The Ten Essentials: and a few extra to add to the list.

What to pack for every outdoor adventure

The standard wisdom for any outdoor adventure is to bring Ten Essential pieces of equipment in order to be prepared for whatever you may find in the outdoors. The lists includes:

1: Navigation. This includes a compass, a map, and the know-how to use them. It’s a great idea to take a course with your local outdoor nonprofit to get up to speed on map and compass usage. The courses are usually one full day. GPS is also useful, but make sure to have reserve battery sources.

2: Nutrition. Pack the right kind of food for your activity. A short day-hike is vastly different from climbing a mountain, and the nutrients your body requires for each activity. Improper food can lead to hazards that can prove deadly. Bonking is a dangerous reality in the backcountry.

3: Hydration. Make sure to pack enough water, and a filtration or purification device to make more drinkable water when you run out. One of my favorite pieces is the Be Free filter, which is lightweight and easily packable. Also, know if there are water sources where you are going.

4: Sun protection. Polarized sunglass can keep you from going snow-blind on glaciers. Sunscreen, lip balm, and headgear can help detour heatstroke. A buff can protect your neck and face and is one of my favorite pieces because of their lightweight and flexible usage. Alpinists know that traversing a snowfield can give you a sunburn around your nostrils and below your chin. Protect yourself.

Wearing a Buff on Inspiration Glacier, North Cascades

5: Insulation. As you ascend a mountain, the weather can change drastically. Be prepared to throw on extra layers as the sun falls behind that ridge, or the alpine wind picks up.

6: Illumination. Even though we all have a flashlight on our phones, most likely that won’t be good enough. Do yourself a favor and add a good headlamp to your gear, it’ll keep your hands free and light up your campsite.

7: First-aid kit. You’ll need more than bandaids. Antibiotics, sterilization wipes, trauma dressings and wrap bandages, pain relievers, antihistamines, and personalized prescriptions are all part of a good kit.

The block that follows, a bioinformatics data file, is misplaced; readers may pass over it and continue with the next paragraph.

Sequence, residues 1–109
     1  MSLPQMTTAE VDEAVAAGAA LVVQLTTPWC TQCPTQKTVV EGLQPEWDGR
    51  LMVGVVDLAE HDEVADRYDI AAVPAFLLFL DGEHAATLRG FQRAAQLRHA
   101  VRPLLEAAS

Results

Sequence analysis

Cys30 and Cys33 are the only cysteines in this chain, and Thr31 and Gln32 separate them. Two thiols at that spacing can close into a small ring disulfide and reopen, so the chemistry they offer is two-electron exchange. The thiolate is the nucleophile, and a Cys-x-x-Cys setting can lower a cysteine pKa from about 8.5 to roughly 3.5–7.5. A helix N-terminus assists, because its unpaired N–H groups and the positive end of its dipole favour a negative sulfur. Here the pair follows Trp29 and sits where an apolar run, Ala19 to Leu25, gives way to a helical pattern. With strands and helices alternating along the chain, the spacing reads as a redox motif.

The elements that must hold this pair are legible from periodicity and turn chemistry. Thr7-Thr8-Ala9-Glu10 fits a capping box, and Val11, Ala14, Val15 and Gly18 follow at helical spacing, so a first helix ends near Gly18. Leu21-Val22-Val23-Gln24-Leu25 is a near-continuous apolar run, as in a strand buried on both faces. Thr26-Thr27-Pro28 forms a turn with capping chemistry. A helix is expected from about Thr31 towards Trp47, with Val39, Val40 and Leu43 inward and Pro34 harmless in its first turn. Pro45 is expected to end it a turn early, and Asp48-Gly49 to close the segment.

8: Fire starter. Lighters, flint, or matches, preferably a few different options, all packed in waterproof containers.

9: Repair kit and tools. A multi-tool or pocketknife, along with specific repairs for gear like patch kits for an inflatable mattress. There’s nothing worse than sleeping on the cold ground.

10: Emergency Shelter. This is separate from your tent if you are going camping. An emergency blanket or bivy sack can weight almost nothing and be smaller than your fist, but can save you or a member of your group if things get tough out there. Always carry this with you, even if you’ve already set up your tent at basecamp and are hiking further for big views or summits.

Recent outdoors advocates recommend an eleventh number to this list.

11: Communication device. Devices like the Garmin In Reach can prove lifesaving in the backcountry. Not only is it a GPS device, but it also allows you to make phone-calls to authorities that can send a helicopter or search team to rescue you. Bringing your cellphone, fully charge is a smart idea as well.

All of these items are essential equipment for successful outdoors adventures, but after years of explorations I’ve come up with a few of my own.

12: Creature Comforts. I like to bring something personal on all my trips. For me, that’s a book that I can read during downtimes like altitude acclimatization on Mount Rainier, where I read Dusk by James Salter. I also like to bring a small book for note taking. Find something that brings you joy and pack it along with you.

Basecamp at Camp Shurman, Mount Rainier

13: Summit Snacks. Climbers like to reward themselves for a successful summit bid by packing a sweet treat to eat on the mountaintop. I’ve started bringing a snack that’s big enough to share with the whole team. On a recent ascent—The Tower in North Cascade National Park—I packed a spare bag of gummy worms. It definitely makes a moment that much the sweeter when shared by everyone, together.

Well, that’s my list to fully prepare for epic adventures into the backcountry. What’s yours? Do you have anything to add to this list?

Leave a Reply

%d bloggers like this: